Anecdotes of Wolves in Scandinavia by Lewis Lloyd 1830
Wolves not unfrequently destroy people in Scandinavia. Many lamentable instances of the kind have occurred within the last few years. Wolves that have once tasted human flesh are said to be more dangerous than others. In the year 1819 those ferocious animals destroyed no less than nineteen persons in a very confined district of country. This was at no great distance from Gefle, situated on the shores of the Gulf of Bothnia. The poor sufferers were, however, almost all children. It was supposed to have been the same drove of wolves that committed this dreadful devastation. “Wolves,” Mr. Nilsson says, “only attack the human race when dying of famine.” He farther observes, “that in those parts of the country where they abound, it has often happened, even in the daytime, that they have suddenly come into houses, and killed and carried away children that were alone.” The following circumstance, related to me by Captain Eurenius, will go far to corroborate this statement. The occurrence took place in the vicinity of Frederickshall, in Norway, near to which place that individual was then residing, In the year 1799 a peasant was one day looking out of his cottage-window, when he espied a large wolf enter his premises, and seize hold of one of his goats. At this time he had a child of about eighteen months old in his arms; this he incautiously laid down in a small porch fronting his house; when, catching hold of a stick, the nearest weapon at hand, he attacked the wolf, who was in the act of carrying off the goat. The ferocious animal now dropped the latter, but, getting a sight of the child, almost in the twinkling of an eye he seized hold of the little innocent, threw it across his shoulders, and was off like lightning. The poor father was driven almost distracted at this horrible sight; but his sorrow was unavailing, for he was unable to overtake the wolf, who, together with, his prey, quickly disappeared in an adjoining thicket.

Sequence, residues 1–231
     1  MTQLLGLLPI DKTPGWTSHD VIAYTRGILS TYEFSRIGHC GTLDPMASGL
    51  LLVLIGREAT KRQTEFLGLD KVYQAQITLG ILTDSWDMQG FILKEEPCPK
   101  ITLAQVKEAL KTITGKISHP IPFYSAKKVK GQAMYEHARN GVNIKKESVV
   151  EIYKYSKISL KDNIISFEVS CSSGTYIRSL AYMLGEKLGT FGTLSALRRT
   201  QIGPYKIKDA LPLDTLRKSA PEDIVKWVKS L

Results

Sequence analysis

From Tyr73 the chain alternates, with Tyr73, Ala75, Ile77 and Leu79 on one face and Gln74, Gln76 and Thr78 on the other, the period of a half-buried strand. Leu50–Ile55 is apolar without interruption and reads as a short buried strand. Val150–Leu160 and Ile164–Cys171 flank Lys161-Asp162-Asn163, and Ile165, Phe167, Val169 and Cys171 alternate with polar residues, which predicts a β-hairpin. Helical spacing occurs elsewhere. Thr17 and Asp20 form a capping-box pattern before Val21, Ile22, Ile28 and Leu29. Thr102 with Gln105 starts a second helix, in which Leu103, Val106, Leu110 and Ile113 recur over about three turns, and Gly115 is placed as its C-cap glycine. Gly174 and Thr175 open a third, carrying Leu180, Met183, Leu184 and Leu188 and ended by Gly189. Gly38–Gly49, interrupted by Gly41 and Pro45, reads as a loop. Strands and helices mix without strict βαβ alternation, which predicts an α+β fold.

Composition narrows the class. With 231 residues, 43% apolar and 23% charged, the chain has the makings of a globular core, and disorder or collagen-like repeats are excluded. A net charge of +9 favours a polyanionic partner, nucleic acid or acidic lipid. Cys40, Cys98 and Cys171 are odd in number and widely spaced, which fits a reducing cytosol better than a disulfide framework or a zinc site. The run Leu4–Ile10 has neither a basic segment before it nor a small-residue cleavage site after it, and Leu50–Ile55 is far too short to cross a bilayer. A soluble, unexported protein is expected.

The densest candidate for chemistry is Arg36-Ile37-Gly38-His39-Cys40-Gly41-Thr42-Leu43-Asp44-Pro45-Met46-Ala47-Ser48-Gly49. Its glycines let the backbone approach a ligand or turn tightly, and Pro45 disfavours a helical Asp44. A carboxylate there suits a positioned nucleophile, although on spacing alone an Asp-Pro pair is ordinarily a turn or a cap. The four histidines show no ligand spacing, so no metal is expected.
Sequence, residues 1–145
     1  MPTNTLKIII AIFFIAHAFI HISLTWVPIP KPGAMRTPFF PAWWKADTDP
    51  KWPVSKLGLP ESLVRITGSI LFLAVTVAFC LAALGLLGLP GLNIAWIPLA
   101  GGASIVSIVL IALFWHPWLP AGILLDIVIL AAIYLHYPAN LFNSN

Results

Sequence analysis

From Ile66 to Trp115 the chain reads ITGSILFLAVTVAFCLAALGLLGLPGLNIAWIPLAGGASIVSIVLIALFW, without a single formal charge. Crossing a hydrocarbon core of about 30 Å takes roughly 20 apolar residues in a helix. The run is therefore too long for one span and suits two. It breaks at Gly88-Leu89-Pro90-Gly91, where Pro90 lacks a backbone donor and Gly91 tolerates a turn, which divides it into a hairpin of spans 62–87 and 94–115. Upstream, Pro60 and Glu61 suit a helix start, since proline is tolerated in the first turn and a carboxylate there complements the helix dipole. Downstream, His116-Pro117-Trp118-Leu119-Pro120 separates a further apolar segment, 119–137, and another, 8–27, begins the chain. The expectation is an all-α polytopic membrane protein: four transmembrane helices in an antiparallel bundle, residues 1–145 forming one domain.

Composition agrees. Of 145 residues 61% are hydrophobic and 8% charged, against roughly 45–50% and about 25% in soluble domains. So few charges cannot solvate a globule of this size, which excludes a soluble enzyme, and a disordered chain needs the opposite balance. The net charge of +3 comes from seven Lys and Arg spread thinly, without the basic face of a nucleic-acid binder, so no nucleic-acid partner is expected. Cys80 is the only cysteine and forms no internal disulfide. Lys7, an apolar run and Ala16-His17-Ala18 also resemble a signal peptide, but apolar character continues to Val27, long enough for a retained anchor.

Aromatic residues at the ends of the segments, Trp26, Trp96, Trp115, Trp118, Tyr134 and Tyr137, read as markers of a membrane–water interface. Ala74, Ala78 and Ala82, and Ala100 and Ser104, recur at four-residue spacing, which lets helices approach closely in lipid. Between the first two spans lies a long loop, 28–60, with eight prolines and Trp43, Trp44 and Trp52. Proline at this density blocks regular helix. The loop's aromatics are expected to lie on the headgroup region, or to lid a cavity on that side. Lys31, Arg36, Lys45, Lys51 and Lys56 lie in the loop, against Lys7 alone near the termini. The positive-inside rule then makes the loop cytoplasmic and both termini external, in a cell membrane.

About twenty years ago, during a severe winter, and when there were known to be many wolves roaming about the country, a Captain Nordenalder, together with several companions, started off on a hunting excursion. The party were provided with a large sledge, such as are used in Sweden to convey coke to the furnaces, a pig, and an ample supply of guns, ammunition, &c. They drove on to a great piece of water which was then frozen over, in the vicinity of Forsbacka, and at no great distance from the town of Gefle. Here they began to pinch the ears, &c. of the pig, who of course squeaked out tremendously. This, as was anticipated, soon drew a multitude of famished wolves about their sledge. When these had approached within range, the party opened a fire upon them, and destroyed or mutilated several of the number. All the animals that were either killed or wounded were quickly torn to pieces and devoured by their companions. This, as I have observed, is said invariably to be the case, if there be many congregated together. The blood with which the ravenous beasts had now glutted themselves, instead of satiating their hunger, only served to make them more savage and ferocious than before; for, in spite of the fire kept up by the party, they advanced close to the sledge with the apparent intention of making an instant attack. To preserve their lives, therefore, the captain and his friends threw the pig on to the ice; this, which was quickly devoured by the wolves, had the effect, for the moment, of diverting their fury to another object. Whilst this was going forward, the horse, driven to desperation by the near approach of the ferocious animals, struggled and plunged so violently, that he broke the shafts to pieces. Being thus disengaged from the vehicle, the poor animal galloped off, and, as the story goes, succeeded in making good his escape. When the pig was devoured, which was probably hardly the work of a minute, the wolves again threatened to attack the party; and as the destruction of a few, out of so immense a drove as was then assembled, only served to render the survivors more blood-thirsty, the Captain and his friends now turned their sledge bottom up, and took refuge beneath its friendly shelter. In this situation, it is said, they remained for many hours, the wolves in that while making repeated attempts to get at them, by tearing the sledge with their teeth. At length, however, assistance arrived, and they were then, to their great joy, relieved from their most perilous situation.